Best of Friends by Kamila Shamsie - review by Arin Keeble

Arin Keeble

Growing Pains

Best of Friends


Bloomsbury 272pp £16.99

Kamila Shamsie’s eighth novel, Best of Friends, follows 2017’s prize-winning Home Fire, a wrenching story of a London family torn apart by state violence that was also vividly prescient. In its depiction of the politician Karamat Lone, an ambitious Thatcherite with a Pakistani-Muslim background, it seemed to anticipate Sajid Javid’s rise to the office of home secretary, while its story of a person stripped of their citizenship became resonant in the context of the high-profile case of Shamima Begum, made stateless after having travelling to join ISIS, who groomed her as a child. Home Fire was rightly lauded for its trenchant political commentary, but its compelling human relationships were a key part of what made it so impactful. These are also the strengths of Best of Friends.

The novel is ostensibly a story of binaries. It is a book of two halves, set in two places and periods (Karachi in 1988 and London in 2019), and it tells the story of two best friends, Maryam Khan and Zahra Ali. It also explores the effects of two sequences of events, one political and one personal, which occur when Maryam and Zahra are fourteen years old, living in Karachi. The first is the death of the Pakistani dictator Mohammad Zia-ul-Haq in 1988 and the subsequent election of Benazir Bhutto, which incites a tide of youthful optimism in Pakistan. The second occurs shortly after this, when Zahra and Maryam share a harrowing experience after deciding to join two young men for a car ride after leaving a school party. The experiences they share and the way they explain the incident to their parents and school leave them both with unresolved feelings and secrets.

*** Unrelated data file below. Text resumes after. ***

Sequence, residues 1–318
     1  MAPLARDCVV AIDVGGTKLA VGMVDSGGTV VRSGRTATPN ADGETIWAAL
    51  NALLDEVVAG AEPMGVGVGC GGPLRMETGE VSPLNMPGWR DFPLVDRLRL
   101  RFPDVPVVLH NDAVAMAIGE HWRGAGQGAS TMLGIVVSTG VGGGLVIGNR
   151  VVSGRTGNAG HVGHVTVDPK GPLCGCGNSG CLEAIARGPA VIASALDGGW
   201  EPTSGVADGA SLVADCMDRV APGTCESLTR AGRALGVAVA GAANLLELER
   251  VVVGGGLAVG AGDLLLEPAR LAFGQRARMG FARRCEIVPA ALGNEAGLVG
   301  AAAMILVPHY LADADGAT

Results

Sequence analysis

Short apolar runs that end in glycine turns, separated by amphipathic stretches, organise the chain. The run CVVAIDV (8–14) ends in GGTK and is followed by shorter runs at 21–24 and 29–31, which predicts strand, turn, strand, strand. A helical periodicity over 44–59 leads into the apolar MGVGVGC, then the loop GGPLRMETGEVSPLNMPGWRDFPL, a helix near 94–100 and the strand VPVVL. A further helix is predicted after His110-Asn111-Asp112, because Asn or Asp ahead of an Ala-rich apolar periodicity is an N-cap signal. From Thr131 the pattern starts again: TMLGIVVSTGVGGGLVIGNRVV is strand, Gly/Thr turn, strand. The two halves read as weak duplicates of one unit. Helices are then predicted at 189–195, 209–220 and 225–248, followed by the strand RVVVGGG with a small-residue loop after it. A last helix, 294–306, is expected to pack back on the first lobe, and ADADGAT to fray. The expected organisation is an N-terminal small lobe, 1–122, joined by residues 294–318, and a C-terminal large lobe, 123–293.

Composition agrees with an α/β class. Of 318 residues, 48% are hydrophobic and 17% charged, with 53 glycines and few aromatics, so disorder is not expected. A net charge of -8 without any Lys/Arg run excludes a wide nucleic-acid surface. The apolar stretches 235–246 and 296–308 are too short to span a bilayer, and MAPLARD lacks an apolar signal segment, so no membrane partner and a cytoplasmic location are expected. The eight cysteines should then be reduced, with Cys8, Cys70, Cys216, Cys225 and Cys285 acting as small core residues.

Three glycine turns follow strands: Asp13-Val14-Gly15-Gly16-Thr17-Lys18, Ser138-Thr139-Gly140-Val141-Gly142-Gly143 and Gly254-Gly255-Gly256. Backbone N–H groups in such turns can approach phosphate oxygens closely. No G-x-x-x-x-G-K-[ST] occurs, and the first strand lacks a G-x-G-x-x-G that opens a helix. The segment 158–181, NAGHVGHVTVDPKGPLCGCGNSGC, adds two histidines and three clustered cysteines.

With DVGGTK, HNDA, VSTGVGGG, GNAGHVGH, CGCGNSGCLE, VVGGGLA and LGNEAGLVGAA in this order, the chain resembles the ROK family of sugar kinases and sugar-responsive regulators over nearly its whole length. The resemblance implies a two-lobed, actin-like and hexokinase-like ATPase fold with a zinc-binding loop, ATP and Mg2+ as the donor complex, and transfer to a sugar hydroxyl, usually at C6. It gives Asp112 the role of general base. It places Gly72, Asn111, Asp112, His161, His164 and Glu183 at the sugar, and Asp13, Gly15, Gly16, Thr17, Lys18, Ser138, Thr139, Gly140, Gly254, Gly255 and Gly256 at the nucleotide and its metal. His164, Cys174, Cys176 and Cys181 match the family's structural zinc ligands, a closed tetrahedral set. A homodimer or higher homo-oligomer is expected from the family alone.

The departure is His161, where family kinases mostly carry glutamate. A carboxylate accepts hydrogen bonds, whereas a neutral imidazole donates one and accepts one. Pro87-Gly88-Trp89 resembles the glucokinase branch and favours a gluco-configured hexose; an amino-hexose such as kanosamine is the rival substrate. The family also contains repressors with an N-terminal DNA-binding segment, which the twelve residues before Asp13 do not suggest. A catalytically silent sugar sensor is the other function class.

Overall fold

We encounter Maryam and Zahra again in London in 2019. They both have prominent careers that have been neatly foreshadowed by their childhood traits – the former’s ambition and the latter’s sense of moral purpose. Maryam is a venture capitalist specialising in tech start-ups and spearheading a social

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